Update 2017 We’ve moved. We now reside in Devon, Alberta. I am getting around to posting about our cross country trip on my blog. I invite you to check in there from time to time.
Welcome to my journey.
As a child I was always good with my hands. I eventually studied commercial art at the Canadian Art Academy in Montreal, QC, but commercial art was not my path.
I loved to draw, knit and crochet. At the age of 10 I visited Upper Canada village (an 1866 post civil war village). I was fascinated by the spinning wheels and the ladies spinning wool into yarn in the McDiarmid House. Secretly I wished to be involved in what they were doing. Who knew the dream would come true and that one day I would work in McDiarmid. Spinning, dyeing and weaving many years later. In my world only the ladies at UCV knew how to spin. I had never seen anyone else spin in modern day life. It wasn’t until I was an adult that a master spinner course was offered in Ottawa at Algonquin College. The next 3 years of my life was dedicated to beautiful fibre of all types, not just wool. My world changed. I could lose myself in meditation at the spinning wheel. I spun everything from silk, ramie, flax, almost all the rare breeds of sheep, dog hair, and milkweed fluff to pill bottle cotton (when I ran out of the nicer things to spin). But then what do you do with all the yarn? It was all too much to knit by hand. This is when weaving entered my life.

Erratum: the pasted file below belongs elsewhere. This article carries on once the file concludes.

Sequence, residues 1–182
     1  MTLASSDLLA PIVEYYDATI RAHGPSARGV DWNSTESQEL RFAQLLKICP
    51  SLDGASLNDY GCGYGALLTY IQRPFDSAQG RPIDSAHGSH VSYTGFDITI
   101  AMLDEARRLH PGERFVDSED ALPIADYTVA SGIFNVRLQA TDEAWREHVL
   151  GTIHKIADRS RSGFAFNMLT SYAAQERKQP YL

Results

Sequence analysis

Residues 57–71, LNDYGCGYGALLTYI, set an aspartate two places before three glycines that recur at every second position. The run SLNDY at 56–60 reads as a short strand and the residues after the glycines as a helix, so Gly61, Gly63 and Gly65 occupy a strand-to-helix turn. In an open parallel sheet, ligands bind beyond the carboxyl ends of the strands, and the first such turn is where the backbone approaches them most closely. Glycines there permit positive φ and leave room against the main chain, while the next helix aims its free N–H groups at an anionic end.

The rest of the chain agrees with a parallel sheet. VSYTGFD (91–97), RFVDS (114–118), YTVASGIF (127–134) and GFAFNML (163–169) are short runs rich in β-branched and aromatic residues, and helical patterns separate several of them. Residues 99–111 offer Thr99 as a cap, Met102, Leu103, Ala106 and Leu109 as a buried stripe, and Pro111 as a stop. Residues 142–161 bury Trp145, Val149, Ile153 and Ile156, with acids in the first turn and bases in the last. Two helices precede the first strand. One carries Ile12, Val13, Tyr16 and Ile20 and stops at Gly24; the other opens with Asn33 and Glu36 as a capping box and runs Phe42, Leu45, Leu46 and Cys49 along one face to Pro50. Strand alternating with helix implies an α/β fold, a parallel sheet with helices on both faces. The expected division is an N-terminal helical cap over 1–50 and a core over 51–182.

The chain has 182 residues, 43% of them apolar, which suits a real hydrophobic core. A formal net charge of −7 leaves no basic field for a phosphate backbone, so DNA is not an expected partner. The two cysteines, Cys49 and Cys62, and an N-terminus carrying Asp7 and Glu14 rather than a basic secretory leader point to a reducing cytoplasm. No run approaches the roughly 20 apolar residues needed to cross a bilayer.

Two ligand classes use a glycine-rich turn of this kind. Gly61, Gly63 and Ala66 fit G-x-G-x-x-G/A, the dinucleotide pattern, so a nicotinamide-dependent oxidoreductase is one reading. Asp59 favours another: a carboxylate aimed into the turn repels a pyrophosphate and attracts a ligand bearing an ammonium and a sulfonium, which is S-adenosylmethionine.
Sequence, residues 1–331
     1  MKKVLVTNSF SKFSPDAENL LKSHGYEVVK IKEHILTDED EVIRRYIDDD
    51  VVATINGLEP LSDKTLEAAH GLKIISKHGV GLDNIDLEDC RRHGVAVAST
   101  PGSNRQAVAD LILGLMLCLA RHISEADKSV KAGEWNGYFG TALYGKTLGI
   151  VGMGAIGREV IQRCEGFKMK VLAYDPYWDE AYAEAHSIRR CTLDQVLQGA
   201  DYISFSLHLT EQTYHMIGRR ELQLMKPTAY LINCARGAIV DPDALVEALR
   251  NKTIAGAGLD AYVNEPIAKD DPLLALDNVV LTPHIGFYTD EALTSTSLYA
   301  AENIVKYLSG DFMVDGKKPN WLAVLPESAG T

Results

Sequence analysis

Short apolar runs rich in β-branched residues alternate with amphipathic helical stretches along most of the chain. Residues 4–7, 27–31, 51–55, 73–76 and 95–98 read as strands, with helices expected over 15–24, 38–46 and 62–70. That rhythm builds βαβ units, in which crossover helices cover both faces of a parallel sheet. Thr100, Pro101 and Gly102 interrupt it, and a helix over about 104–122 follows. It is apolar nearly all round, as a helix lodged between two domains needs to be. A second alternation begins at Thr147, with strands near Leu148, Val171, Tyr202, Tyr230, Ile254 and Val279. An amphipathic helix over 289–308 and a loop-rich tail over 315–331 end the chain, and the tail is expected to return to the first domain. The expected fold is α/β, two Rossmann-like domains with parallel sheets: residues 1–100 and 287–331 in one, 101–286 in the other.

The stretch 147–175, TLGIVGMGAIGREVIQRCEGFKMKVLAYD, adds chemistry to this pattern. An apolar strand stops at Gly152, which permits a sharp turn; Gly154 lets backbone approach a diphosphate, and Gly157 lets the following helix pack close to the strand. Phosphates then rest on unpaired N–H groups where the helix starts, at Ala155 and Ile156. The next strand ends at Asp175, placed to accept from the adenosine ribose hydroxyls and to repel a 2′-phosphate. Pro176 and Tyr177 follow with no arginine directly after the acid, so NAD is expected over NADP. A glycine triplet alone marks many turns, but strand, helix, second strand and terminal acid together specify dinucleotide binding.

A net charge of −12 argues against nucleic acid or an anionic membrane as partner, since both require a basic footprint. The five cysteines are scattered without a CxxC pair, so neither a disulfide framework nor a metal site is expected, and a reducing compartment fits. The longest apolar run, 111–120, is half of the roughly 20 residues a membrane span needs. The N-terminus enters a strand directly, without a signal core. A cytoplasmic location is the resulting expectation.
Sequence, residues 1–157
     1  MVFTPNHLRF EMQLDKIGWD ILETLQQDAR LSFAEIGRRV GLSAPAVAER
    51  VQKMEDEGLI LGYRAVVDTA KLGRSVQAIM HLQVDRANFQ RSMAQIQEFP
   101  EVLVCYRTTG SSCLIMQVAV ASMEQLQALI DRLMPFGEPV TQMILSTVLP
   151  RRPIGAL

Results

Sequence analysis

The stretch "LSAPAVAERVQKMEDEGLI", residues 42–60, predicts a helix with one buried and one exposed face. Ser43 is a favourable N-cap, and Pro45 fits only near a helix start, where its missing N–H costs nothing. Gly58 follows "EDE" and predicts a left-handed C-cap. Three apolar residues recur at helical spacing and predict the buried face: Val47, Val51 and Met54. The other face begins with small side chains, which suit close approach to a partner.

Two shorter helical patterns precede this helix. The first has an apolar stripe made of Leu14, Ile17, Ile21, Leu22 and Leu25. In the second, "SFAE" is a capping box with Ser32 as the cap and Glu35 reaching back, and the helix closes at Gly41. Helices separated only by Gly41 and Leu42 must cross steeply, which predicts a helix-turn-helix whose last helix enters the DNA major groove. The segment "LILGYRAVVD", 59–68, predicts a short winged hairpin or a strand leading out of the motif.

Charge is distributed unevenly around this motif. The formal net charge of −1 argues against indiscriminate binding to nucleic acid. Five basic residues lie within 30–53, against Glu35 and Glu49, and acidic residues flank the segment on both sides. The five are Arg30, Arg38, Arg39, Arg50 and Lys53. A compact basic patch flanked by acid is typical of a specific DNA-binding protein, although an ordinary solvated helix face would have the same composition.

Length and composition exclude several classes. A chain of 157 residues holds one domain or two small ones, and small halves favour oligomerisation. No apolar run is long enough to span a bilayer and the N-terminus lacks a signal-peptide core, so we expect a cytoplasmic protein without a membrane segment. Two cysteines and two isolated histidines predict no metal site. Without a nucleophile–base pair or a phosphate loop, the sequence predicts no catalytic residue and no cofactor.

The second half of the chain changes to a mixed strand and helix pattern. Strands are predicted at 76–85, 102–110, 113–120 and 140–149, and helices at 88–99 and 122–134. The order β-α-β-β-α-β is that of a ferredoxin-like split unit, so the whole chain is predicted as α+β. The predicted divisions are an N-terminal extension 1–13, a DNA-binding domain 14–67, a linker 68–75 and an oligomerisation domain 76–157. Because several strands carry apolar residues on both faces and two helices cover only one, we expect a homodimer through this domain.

I studied with a Master Weaver through St. Lawrence College. I learned how to warp a loom and plan a project. Now I was dangerous! There was no stopping me. Weaving used up lots of yarn and quickly too. For many years I used up my hand-spun in combination with commercial yarns. I was finally reaching the end of my stash. I made wool and kid mohair shawls scarves, rugs, bags, blankets and throws. The craft show circuit was my venue for sales.
Now I am in love with cotton. I have made thousands of dish towels now and still haven’t exhausted colour combinations or textures. I have also collected may looms over the years. 7 functional looms that live in my converted studio and 2 Quebec looms that need some parts made for them. I currently have dish towels on one loom, the other loom projects are place mats, a lace table cloth, a coverlet, and scarves. I do very little commission work any more. My journey has taught me that I prefer to create on my own time schedule and sell a finished product rather that try to visualize someone else’s dream.